7. Mahatma Gandhi: The Father of the Nation by Subhadra Sen Gupta
Written by an experienced Sahitya Akademi Bal Sahitya Award winning author, this children’s biography of the Mahatma is told in an engaging tone that would make both children and adults wonder how Gandhi’s times must have been, laugh a little as well as think and reflect deeply. Gandhi’s ideas on equality, secularism, humour and childlikeness, kindness, a life of simplicity, non-violence, self-dependence, education and empowerment are described throughout the book in an interesting manner. In the book, the author describes Gandhi’s food habits like this: “His diet was so boring that people avoided sitting next to him at meals because he would promptly offer them his bland mash of boiled vegetables cooked without salt, oil or spices and bitter neem chutney that he insisted was great for digestion!” However, the extraordinarily popular man that Gandhi was, ‘people would walk for days and then wait patiently under the hot sun for hours just to catch a glimpse of him.’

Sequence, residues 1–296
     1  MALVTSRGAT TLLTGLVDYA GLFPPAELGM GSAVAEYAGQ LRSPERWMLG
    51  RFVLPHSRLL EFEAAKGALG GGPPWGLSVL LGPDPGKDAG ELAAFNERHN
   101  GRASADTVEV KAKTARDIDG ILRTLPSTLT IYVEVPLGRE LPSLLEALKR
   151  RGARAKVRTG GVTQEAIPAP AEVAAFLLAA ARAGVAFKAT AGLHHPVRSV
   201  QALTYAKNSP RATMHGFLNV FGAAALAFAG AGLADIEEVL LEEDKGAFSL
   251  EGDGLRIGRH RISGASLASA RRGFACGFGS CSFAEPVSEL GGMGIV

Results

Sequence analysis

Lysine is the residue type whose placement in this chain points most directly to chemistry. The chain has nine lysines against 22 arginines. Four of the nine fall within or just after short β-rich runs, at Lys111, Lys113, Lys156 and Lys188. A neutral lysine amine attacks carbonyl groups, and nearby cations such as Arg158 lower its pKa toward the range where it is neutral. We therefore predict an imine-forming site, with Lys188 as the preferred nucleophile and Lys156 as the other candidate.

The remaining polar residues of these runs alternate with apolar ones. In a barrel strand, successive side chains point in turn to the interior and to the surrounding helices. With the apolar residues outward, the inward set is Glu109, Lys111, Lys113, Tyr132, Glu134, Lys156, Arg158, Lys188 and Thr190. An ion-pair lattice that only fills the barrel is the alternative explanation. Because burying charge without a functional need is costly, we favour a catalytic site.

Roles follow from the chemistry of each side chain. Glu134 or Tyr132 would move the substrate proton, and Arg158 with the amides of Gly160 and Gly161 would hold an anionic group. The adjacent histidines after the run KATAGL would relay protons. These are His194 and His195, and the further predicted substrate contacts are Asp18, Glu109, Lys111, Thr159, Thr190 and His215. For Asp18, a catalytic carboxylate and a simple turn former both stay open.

8. Ahimsa by Supriya Kelkar
Written by a screenwriter and producer for both Bollywood and Hollywood movies, Ahimsa is a historical novel for middle-grade readers, which won the New Visions Award in 2016. Set in the pre-independence era of the 1940s, this book explores the life of 10-year-old Anjali and the challenges that creep into her life at the brink of India’s independence. The book opens with a scene where Anjali and her friend Irfaan decide to stealthily paint a big black Q symbolizing ‘Quit India’ on a wall of the house of Captain Brent, a stern British officer who was Anjali’s mother’s former boss. This compelling, fast-paced and heart touching story is narrated from the perspective of the young girl and is inspired by the author’s great-grandmother Anasuyabai Kale’s experience working with Gandhi in that era.